Saturday, May 15, 2010
On Saturday I ran the inaugural 10 mile Syttende Mai run.
For those of you who are curious, Syttende Mai is a celebration of Norway's independence from Denmark. The run is in conjunction with a Norwegian festival that happens every year in a small town just outside of Madison called Stoughton. While the 10 mile run is new, the race itself is not. There is a 20 mile race and a 17 mile walk, both of which have been taking place for many years. The 20 mile race is kind of a big deal around here.
I had toyed with the idea of running the 20 mile race previously, but concluded that if I was going to run 20 miles, I might as well run a damn marathon instead. So when I learned that they added the new 10 mile run this year, I signed up for it immediately. I've never raced the 10 mile distance before, but I knew that I would love it - these middle distance races are my favorite.
The course is well known for being a hilly bitch. The 20 mile run starts in downtown Madison and takes you all the way to Stoughton, mostly via backroads. The 10 mile run started at the halfway point, kind of in the middle of farm-land. It's a point to point course, so they bus you around as needed.
(Hand sketched elevation profile from the website. The last half doesn't look too bad, right??? Ha!)
I woke up early Saturday morning and had my typical banana and bagel breakfast. Drove to my best friend's house - she would be my chauffeur that morning. She dropped me off at the start (no parking - you either get bussed there or dropped off) and I got my timing chip, bib, etc.
The weather couldn't have been better. It was sunny without being too hot. I think the high was supposed to be around 65 degrees. A perfectly gorgeous day. I milled around for a while and then lined up when it was time. A 3 - 2 - 1 and we were off!
I'm running with the crowd and thinking, "This is just great. It's pretty flat right now and I'm feeling good." About a third of a mile in, we turned a corner and... now THAT'S a hill! Holy crap. They ain't lying about the hills. So we climb. And climb. Garmin beeps to tell me that we're a mile in. And still climbing. Damn. We reach the crest of the hill and then we go down! And down some more. I'm trying to run faster on the downhill to make up for the time wasted going up. Just before mile 2, we hit a shorter hill, but it's still a hill. Climb that one. See my BFF waiting for me. She asks me how I'm doing and I respond with something about lots of hills already.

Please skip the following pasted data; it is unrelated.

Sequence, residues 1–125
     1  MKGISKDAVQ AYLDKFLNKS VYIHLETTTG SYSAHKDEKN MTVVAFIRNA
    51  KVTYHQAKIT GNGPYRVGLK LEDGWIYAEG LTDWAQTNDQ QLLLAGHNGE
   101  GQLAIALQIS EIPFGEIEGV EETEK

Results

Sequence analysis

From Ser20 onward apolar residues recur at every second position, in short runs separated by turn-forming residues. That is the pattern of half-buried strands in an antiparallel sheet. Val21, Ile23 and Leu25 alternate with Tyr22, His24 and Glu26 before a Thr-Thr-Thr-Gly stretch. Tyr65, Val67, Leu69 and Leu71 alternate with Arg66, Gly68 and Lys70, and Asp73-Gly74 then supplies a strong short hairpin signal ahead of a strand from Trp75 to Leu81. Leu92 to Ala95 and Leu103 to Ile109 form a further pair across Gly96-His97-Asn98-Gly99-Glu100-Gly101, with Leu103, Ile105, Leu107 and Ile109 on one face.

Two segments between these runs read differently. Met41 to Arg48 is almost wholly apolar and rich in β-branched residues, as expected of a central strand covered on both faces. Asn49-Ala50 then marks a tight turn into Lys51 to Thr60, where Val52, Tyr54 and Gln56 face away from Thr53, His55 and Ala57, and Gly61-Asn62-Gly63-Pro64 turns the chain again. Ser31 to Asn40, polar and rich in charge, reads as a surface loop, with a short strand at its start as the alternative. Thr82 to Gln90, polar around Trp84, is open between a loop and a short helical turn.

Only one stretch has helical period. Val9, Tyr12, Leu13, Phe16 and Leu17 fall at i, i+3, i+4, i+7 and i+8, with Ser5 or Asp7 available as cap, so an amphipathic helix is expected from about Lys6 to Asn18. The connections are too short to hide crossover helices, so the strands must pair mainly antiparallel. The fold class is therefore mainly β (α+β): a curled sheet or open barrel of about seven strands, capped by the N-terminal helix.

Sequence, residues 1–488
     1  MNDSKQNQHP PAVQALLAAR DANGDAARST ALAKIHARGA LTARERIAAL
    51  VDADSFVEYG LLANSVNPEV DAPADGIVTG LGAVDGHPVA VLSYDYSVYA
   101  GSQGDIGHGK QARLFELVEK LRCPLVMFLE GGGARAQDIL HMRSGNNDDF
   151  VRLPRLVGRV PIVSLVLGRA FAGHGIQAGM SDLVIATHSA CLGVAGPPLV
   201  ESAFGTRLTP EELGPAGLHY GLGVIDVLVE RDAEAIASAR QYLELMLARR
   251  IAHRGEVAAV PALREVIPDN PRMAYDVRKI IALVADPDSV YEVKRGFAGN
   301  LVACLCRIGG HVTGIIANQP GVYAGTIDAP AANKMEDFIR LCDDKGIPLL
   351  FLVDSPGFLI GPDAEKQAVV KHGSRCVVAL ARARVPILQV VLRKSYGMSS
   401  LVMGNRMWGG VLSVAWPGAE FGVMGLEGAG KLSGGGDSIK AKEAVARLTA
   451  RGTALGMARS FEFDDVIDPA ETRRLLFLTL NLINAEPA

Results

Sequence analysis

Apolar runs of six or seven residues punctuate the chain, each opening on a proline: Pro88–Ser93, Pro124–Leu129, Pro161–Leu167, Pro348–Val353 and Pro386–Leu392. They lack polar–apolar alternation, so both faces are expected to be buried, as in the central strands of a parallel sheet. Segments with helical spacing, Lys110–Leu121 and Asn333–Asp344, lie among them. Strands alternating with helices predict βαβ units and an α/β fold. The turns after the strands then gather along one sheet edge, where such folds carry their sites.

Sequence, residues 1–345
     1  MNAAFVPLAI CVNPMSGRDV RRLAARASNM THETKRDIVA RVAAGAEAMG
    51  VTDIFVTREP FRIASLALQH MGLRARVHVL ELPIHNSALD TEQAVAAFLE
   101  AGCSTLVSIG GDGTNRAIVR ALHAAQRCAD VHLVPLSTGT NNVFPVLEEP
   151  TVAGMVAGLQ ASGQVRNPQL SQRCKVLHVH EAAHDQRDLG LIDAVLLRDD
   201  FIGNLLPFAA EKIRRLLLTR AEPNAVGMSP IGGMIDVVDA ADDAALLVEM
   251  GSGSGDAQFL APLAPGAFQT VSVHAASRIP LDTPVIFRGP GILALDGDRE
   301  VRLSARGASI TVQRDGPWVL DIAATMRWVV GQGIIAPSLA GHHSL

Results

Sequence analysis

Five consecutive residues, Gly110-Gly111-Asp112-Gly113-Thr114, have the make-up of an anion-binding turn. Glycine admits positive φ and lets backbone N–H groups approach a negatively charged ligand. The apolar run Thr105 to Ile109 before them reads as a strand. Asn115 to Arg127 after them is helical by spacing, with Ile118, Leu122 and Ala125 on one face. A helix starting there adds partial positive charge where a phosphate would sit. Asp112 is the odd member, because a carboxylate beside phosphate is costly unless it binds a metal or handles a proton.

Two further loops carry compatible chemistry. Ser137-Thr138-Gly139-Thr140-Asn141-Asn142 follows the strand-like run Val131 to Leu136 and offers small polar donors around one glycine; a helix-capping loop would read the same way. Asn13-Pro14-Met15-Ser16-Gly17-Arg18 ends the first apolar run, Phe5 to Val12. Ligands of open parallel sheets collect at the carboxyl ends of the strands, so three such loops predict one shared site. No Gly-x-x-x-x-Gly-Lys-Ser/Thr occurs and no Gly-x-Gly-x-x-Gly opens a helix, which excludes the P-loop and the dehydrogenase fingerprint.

I settle into a rhythm and just keep on trucking. I'm kind of ignoring my pace at this point and just trying my best not to expend too much energy going up and making up some time while going down. I pet a dog at mile 3. I pass dozens and dozens of walkers (they started earlier than us). They're not in the way too much - there is next to no traffic on these backroads. Plus the some of the walkers will cheer you on as you pass them, so that's a nice bonus. There's not a whole lot of crowd support, but the people that live out there are out in their yards watching.
I take a gel at mile 5 and chug some water. In the near distance, I see my coworker who runs a lot of the same races as me. I wait for a minute for her to catch up to me. We run together for a little over a mile before she declares that I should go on because she's going to stop and walk for a bit. Pet a cat somewhere around mile 6 and my BFF finds me again. Unfortunately she forgot her camera. Still constantly going up and down hills. There's not a lot of relief. Around mile 7 we hit yet another beast of a hill. Why did I sign up for this again?
Thankfully that was the last bad hill. We're getting out of farm-land and heading into Stoughton now. We run along the side of a highway, which is mostly flat, but still with a slight uphill. The lead 20 mile guy passes me at this point, which was cool. I knew I was slow enough to get passed by the lead men eventually. He's booking it. I cheer on the lead guys as they pass me. One of them is wearing a pair of Vibrams.
I know that the last two miles are mostly downhill, so I just hang on and prepare to drop the hammer then. Mile 8 takes us into a residential area and I hit the last water stop. Okay, time to go. I love running races where the end is either flat or downhill because I know that I can go faster without losing it. My friend finds me again shortly after the water stop. She runs with me for a minute, but she's wearing flip flops so that doesn't work too well. She tells me she'll see me at the finish.
The last mile is absolutely great. You run through downtown Stoughton and it feels like the whole city is out for the festival. I high five what feels like hundreds of kids. Fantastic crowd support through the final stretch. There's a good downhill in this portion where I just let go. Look down at my Garmin and see 8:38 for my pace. Yikes! I know I can't hold that and dial it back just a bit when it's flat again. Finish with a kick and think that I made it in under 1:45. Pick up my finisher's t-shirt (no early packet pick up - you only get the shirt if you finish!) and head for the food. Overall, a very nice race. I'll probably punish myself again with this next year.
Gun time 1:44:50
Mile 1 - 10:49
Mile 2 - 10:23
Mile 3 - 10:37
Mile 4 - 10:32
Mile 5 - 10:57
Mile 6 - 10:16
Mile 7 - 10:23
Mile 8 - 10:30
Mile 9 - 9:51
Mile 10 - 9:22
I'm pretty happy overall with my time, especially with all those hills. For those of you who know more than I do, what does it mean that I'm running the last mile at my 5K pace? That I need to run faster 5Ks, or that I didn't run hard enough during the rest of the race? (To be fair, I haven't run a 5K in a year now, so honestly I'm not really sure of my true 5K pace.)
I've been waiting for official race photos to get posted online, but still nothing. So sadly I end this report without a picture.